My rep informed me that if I ordered six copies of the Patterson book, I wouldn't get them in time for the national laydown date. The only books that Hachette will send out on time are those that are ordered in carton quantities. I looked at him as if he were speaking Aramaic and was an escaped lunatic from a bad Mel Gibson film. I smiled, in response: surely I had misunderstood him. Obviously, Hachette wouldn't renege on the most basic job of a publisher -- to deliver new books on time. I asked him what he meant. Unfortunately, what he meant was that Hachette, for all its smooth talk and gestures of good will to the independent stores over the last few years, had, in fact, adopted a policy that would put independent stores around the country at a distinct competitive disadvantage. Worse yet, the customers would think it was the bookstore's fault when a beloved author's title was not in.

I took a few deep breaths and tried to calm down. It's not really possible to be mad at my Hachette rep. He is about the nicest, kindest man I know, and besides, he didn't come up with this asinine policy. "When will we get the books?" I asked. He assured me that we would get the books within a few days after the laydown date. "That simply is not good enough," I told him. Faced with an immediate decision on Sail, however, I upped our order to meet the 10-copy carton requirement to ensure I'd get the books on time. We typically sell more than half of all the Patterson books (typically six or eight copies) that we are going to sell in the first two weeks of the book's release. I couldn't risk missing that window because of Hachette's ineptitude.

As the appointment went on, I seethed with anger at every book I ordered. Between my buy and the kids' buy, the Boulder Book Store easily ordered over 500 books on Thursday. There were a handful of laydowns that I just couldn't bring myself to order in carton quantity. When those books are released, we will not have them. Despite our large buy, our order isn't good enough for the number crunchers at Hachette. Those will be dark days in our store. Hachette will rev up its publicity machine with a national media onslaught for these titles, and we will invariably have a few customers who will request those titles. We won't have them. Of course, Borders and Barnes & Noble will have them in stock. It's not so hard to order a carton of books when you have a 1,000 locations.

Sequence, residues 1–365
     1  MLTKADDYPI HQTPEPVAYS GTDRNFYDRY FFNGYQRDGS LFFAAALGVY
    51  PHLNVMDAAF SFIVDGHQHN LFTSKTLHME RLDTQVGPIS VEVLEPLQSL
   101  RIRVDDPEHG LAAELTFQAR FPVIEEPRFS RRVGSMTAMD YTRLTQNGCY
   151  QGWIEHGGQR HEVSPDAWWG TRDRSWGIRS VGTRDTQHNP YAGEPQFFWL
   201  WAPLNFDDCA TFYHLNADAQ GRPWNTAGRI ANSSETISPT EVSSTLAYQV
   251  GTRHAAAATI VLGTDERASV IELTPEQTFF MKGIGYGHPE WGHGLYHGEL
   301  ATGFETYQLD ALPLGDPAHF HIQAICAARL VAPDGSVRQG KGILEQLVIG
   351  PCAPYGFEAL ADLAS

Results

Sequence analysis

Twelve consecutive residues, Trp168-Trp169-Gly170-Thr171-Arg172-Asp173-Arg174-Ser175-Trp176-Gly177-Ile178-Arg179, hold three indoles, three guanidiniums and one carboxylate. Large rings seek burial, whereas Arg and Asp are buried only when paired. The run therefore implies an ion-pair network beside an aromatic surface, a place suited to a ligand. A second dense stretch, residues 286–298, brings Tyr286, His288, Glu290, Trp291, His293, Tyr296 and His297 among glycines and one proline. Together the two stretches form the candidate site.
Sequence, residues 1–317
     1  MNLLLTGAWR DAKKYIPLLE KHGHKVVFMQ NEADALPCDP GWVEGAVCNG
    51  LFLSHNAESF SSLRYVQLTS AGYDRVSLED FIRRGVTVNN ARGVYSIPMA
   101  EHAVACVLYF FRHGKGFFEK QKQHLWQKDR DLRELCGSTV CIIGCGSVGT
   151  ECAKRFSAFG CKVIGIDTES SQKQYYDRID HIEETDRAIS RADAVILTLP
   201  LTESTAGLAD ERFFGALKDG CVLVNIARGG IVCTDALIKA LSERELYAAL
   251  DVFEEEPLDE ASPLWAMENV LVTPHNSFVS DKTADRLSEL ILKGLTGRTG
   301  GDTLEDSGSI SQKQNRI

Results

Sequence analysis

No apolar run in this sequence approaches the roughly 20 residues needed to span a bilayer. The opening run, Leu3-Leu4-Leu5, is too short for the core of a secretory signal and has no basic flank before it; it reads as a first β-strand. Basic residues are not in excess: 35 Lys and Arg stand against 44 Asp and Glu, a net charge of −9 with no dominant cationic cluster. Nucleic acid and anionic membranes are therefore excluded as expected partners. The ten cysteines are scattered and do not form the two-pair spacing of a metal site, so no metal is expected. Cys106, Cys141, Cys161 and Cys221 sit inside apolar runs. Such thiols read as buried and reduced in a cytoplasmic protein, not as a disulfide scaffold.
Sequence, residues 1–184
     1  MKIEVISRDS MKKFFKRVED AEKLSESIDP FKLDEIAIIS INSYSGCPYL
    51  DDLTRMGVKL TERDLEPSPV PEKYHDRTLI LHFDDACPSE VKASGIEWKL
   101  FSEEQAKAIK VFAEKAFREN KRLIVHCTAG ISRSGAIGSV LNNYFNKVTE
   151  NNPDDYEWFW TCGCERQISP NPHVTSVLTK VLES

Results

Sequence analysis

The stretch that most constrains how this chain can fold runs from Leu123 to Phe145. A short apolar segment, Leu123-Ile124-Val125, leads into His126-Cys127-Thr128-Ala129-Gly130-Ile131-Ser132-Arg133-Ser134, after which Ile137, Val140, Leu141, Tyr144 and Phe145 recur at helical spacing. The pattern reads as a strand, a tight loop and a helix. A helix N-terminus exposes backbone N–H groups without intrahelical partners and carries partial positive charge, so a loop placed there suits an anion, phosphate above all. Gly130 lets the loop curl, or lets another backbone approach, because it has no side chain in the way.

Sure, I could order a carton of every laydown book, but just how much shipping (Hachette's money sending the books to us and ours on the returns) do we need to burn when we know we aren't going to sell that many books? Shame on Hachette for putting independent bookstores around the country in this position.

Obviously, Hachette has figured out that it costs more money to break open the cartons and repackage these books in a timely manner. Somehow every other publisher has worked out a method that doesn't unfairly penalize independent stores. Every other publisher gets their laydown books to independent bookstores on time. Only Hachette has decided to purposely thrust themselves into a situation where they will appear incompetent to booksellers throughout America. In the hope that Hachette will rethink their terribly insensitive decision, here are a few suggestions on how they could address this issue:

  • Give stores incentives to buy carton quantities. Perhaps, Hachette could offer extra co-op or discount on the first carton that an account orders to each ship-to location. Gigantic stores that order 5,000 cartons to a central distribution center would only get the deal on the first carton. Smaller indies would have some encouragement to bump their orders up.
  • Make all new releases national laydowns. Random House sets all of its new books to be released on Tuesdays. It doesn't matter if it's the biggest book of the season or a book with a tiny print run. The problem with Hachette is that only a dozen or so books are laydowns. They end up getting caught shipping five books at a time when an account doesn't order a full carton. If every title were released as a laydown, there'd be at least a box or two of books being shipped to the indies every week.
  • Realize that there is a cost of doing business. Breaking up cartons for independents is just a small cost of doing business. Stop counting your pennies and look at the broader scope of the relationship.
  • Up the price of laydown titles by $1.00 to cover the cost of shipping individual books. Will anyone really notice if Sail, already listed at an inflated $27.99, were $28.99 instead?